by C. Michael Eliasz-Solomon

Another Wordless Wednesday blog post. (Hmmm… somewhat wordless).

1892 Cholera Epidemic  … Russian Empire lost > 250,000 people (note the red boxes)…

Newspaper / Book Clippings:

1892 September Cholera Newspapers


Google Books - The Cholera Epidemic of 1892 in the Russian Empire: With Notes Upon

Fulton History - Mount Vernon NY Daily Argus September 27th, 1892

Trove Digitised Newspapers - Brisbane Courier September 14th, 1892

April 16, 2013

From Pacanow Poland to Birchgrove, New South Wales, Australia — #Genealogy, #Polish, #Immigration

by C. Michael Eliasz-Solomon

Stanczyk always loves finding something unusual or unexpected. I guess that is just my eternal boyish wonder of finding/unearthing a treasure. Immigration or the diaspora of Polish citizens about the globe holds a fascination for me. It is a difficult puzzle to solve for your own ancestors. So if I unexpectedly find something else in an unexpected place for another Polish genealogist then I feel compelled to post it in my blog.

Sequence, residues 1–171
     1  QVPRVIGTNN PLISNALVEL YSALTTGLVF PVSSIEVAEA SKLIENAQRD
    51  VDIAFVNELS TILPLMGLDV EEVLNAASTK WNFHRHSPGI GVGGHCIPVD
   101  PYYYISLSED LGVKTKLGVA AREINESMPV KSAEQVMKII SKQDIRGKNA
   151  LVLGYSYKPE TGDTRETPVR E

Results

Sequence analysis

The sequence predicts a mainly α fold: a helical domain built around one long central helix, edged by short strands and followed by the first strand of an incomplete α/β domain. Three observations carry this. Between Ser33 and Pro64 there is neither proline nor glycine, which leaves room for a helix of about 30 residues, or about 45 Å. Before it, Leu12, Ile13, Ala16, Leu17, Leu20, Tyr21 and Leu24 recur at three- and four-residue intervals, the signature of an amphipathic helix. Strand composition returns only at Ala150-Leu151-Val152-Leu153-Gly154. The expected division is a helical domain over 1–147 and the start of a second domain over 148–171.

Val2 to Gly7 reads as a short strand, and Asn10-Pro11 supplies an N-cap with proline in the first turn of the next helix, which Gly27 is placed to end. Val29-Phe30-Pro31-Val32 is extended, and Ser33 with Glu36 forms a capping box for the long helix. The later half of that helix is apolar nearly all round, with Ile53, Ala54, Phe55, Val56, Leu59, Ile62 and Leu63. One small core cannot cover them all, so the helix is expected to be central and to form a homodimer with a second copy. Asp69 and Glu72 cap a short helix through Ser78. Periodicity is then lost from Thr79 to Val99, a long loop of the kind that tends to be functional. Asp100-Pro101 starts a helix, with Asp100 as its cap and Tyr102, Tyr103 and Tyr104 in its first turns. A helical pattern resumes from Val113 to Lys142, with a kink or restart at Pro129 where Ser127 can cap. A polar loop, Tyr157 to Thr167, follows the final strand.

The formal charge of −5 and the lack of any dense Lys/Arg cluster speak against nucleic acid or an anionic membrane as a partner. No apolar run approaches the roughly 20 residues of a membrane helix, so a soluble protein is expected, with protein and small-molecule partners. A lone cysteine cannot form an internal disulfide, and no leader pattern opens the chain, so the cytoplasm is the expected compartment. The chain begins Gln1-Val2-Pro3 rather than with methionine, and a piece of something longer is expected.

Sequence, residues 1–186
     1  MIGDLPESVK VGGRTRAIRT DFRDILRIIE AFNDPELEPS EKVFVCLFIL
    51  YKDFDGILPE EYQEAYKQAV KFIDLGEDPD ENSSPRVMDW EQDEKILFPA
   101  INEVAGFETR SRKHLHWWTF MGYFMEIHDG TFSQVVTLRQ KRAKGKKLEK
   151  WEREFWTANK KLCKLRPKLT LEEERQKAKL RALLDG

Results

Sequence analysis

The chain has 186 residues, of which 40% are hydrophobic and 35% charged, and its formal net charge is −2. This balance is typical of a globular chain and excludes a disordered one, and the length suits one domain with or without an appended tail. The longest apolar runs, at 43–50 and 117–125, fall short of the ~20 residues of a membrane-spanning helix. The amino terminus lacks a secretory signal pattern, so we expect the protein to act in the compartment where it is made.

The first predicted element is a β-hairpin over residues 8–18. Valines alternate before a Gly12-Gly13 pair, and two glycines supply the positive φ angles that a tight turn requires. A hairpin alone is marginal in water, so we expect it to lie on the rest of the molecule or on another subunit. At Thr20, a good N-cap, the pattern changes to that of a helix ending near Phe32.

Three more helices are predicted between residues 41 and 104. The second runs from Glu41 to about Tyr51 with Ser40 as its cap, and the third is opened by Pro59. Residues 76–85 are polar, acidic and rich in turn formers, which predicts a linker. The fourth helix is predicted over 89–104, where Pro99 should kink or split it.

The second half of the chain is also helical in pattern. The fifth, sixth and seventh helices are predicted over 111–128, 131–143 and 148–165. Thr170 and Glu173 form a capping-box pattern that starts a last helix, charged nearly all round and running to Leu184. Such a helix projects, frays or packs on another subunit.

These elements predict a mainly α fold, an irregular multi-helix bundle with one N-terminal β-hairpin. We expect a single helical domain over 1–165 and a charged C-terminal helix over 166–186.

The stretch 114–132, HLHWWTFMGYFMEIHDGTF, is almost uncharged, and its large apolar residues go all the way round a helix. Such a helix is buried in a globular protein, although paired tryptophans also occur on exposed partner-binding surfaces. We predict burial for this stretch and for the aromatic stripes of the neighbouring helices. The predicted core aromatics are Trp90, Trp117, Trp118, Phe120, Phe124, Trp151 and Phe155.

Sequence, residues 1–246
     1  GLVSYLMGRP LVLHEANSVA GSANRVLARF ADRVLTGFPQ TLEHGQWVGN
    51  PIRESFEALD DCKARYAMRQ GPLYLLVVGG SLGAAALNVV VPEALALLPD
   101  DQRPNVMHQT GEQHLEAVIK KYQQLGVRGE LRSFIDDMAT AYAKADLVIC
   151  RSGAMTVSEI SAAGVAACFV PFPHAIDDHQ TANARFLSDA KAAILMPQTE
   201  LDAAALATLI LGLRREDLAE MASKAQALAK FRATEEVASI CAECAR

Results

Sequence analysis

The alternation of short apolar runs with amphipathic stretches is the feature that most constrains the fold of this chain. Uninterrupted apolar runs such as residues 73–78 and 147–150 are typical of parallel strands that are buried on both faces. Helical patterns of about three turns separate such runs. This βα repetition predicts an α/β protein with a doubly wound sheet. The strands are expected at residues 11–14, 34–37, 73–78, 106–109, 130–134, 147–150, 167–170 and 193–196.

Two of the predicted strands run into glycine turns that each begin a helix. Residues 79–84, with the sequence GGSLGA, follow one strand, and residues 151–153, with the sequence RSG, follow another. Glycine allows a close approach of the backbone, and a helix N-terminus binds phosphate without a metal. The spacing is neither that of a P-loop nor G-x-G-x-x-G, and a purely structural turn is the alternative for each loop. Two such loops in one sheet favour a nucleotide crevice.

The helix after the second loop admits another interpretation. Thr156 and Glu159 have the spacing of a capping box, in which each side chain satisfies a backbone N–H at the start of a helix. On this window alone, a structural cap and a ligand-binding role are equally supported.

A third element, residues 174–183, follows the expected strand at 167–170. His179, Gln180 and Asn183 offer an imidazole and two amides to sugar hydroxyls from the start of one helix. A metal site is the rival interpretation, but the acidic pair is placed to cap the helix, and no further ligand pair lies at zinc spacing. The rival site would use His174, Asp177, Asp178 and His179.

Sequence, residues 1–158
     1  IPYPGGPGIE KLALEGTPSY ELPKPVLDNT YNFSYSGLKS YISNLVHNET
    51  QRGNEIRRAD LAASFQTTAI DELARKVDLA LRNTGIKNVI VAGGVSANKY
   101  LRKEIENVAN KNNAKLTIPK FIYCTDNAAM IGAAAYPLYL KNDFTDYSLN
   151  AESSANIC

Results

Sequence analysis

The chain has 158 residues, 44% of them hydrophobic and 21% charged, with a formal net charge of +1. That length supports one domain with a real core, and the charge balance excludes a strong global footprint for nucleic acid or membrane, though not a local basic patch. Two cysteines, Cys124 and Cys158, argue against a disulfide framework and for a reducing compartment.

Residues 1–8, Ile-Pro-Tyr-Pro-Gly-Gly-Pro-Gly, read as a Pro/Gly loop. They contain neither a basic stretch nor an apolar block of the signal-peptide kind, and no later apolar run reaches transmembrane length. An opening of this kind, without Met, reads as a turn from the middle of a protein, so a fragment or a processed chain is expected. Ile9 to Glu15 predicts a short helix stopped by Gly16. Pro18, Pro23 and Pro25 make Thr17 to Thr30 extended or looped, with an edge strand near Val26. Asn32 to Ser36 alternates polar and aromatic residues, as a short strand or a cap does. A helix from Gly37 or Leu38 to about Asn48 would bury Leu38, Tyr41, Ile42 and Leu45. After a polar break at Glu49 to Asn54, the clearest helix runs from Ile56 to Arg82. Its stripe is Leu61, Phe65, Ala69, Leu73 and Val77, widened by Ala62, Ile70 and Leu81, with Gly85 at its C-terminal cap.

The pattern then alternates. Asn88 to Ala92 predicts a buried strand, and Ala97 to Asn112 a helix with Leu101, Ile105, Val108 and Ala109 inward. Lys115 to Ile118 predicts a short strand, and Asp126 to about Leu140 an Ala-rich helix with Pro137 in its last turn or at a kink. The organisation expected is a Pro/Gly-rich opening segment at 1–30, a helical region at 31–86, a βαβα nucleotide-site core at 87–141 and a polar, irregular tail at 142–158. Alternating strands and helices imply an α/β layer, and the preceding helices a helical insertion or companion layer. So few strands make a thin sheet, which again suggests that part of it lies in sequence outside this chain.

PiotrowskiJozef_ofPacanowPoland_AuCitizenshipDeclarationDateline – 22 September, 1954 – Birchgrove, New South Wales, Australia. As a fluke while researching some cholera pandemics, I decided to see if there was any news in this Historical Australian Newspaper website from the Biechow/Pacanow area. To my wonder, I spied a hidden jewel in these far away shores. Up popped, an “advertisement”. Shoot, I was hoping for something historical, not something mercantile. Oh well, lets just see what these Aussies have about Pacanow, shall we?

What did I find? No it was not for me (although it is an affiliated family, so who knows). Click on the image if you wish to follow along … (transcription follows):

I, JOZEF PIOTROWSKI, born in Pacanow, Poland, resident 5 years in Australia, now residing at 39 Wharf Rd. Birchgrove. N.S.W.. Intend to apply for Naturalisation under the Nationality and Citzenship[sic] Act, 1948-1953.

Well, Well, an affiliated family member from my ancestral village (Pacanow) declaring his intention to become a citizen of Australia (NSW=New South Wales state) post World War II.

Source: Trove Digitised Newspapers – The Sydney Morning Herald (22 September 1954)

April 14, 2013

A Church Register Novelty in Koprzywnica — #Genealogy, #Polish

by C. Michael Eliasz-Solomon